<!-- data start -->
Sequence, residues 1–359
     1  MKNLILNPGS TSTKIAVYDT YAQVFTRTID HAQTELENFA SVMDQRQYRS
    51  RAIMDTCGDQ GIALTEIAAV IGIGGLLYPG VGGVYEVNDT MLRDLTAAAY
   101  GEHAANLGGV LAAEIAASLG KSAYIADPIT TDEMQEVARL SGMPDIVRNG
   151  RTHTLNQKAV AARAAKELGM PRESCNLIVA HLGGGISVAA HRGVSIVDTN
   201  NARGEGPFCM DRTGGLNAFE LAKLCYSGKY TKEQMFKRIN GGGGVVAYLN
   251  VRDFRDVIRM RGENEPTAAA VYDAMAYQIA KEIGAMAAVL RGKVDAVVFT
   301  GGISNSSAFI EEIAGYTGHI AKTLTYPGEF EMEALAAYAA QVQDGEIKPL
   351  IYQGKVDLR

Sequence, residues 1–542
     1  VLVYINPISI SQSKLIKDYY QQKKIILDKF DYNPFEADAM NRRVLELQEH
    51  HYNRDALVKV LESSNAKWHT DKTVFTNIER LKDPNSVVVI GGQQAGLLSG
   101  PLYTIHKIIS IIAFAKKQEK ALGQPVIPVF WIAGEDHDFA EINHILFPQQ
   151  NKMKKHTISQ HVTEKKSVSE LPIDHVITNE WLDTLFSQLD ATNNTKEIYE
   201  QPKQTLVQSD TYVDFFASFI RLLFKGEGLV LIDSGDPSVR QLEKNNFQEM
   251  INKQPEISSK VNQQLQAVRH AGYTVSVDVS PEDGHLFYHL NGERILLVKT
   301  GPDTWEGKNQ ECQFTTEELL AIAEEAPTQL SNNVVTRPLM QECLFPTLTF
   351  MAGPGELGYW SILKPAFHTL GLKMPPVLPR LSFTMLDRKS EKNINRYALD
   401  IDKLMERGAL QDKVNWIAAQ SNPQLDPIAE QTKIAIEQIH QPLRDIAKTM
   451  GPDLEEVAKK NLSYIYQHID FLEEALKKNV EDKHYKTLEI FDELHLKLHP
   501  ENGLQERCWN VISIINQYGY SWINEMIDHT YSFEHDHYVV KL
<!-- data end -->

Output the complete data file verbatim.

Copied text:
Sequence, residues 1–359
     1  MKNLILNPGS TSTKIAVYDT YAQVFTRTID HAQTELENFA SVMDQRQYRS
    51  RAIMDTCGDQ GIALTEIAAV IGIGGLLYPG VGGVYEVNDT MLRDLTAAAY
   101  GEHAANLGGV LAAEIAASLG KSAYIADPIT TDEMQEVARL SGMPDIVRNG
   151  RTHTLNQKAV AARAAKELGM PRESCNLIVA HLGGGISVAA HRGVSIVDTN
   201  NARGEGPFCM DRTGGLNAFE LAKLCYSGKY TKEQMFKRIN GGGGVVAYLN
   251  VRDFRDVIRM RGENEPTAAA VYDAMAYQIA KEIGAMAAVL RGKVDAVVFT
   301  GGISNSSAFI EEIAGYTGHI AKTLTYPGEF EMEALAAYAA QVQDGEIKPL
   351  IYQGKVDLR

Sequence, residues 1–542
     1  VLVYINPISI SQSKLIKDYY QQKKIILDKF DYNPFEADAM NRRVLELQEH
    51  HYNRDALVKV LESSNAKWHT DKTVFTNIER LKDPNSVVVI GGQQAGLLSG
   101  PLYTIHKIIS IIAFAKKQEK ALGQPVIPVF WIAGEDHDFA EINHILFPQQ
   151  NKMKKHTISQ HVTEKKSVSE LPIDHVITNE WLDTLFSQLD ATNNTKEIYE
   201  QPKQTLVQSD TYVDFFASFI RLLFKGEGLV LIDSGDPSVR QLEKNNFQEM
   251  INKQPEISSK VNQQLQAVRH AGYTVSVDVS PEDGHLFYHL NGERILLVKT
   301  GPDTWEGKNQ ECQFTTEELL AIAEEAPTQL SNNVVTRPLM QECLFPTLTF
   351  MAGPGELGYW SILKPAFHTL GLKMPPVLPR LSFTMLDRKS EKNINRYALD
   401  IDKLMERGAL QDKVNWIAAQ SNPQLDPIAE QTKIAIEQIH QPLRDIAKTM
   451  GPDLEEVAKK NLSYIYQHID FLEEALKKNV EDKHYKTLEI FDELHLKLHP
   501  ENGLQERCWN VISIINQYGY SWINEMIDHT YSFEHDHYVV KL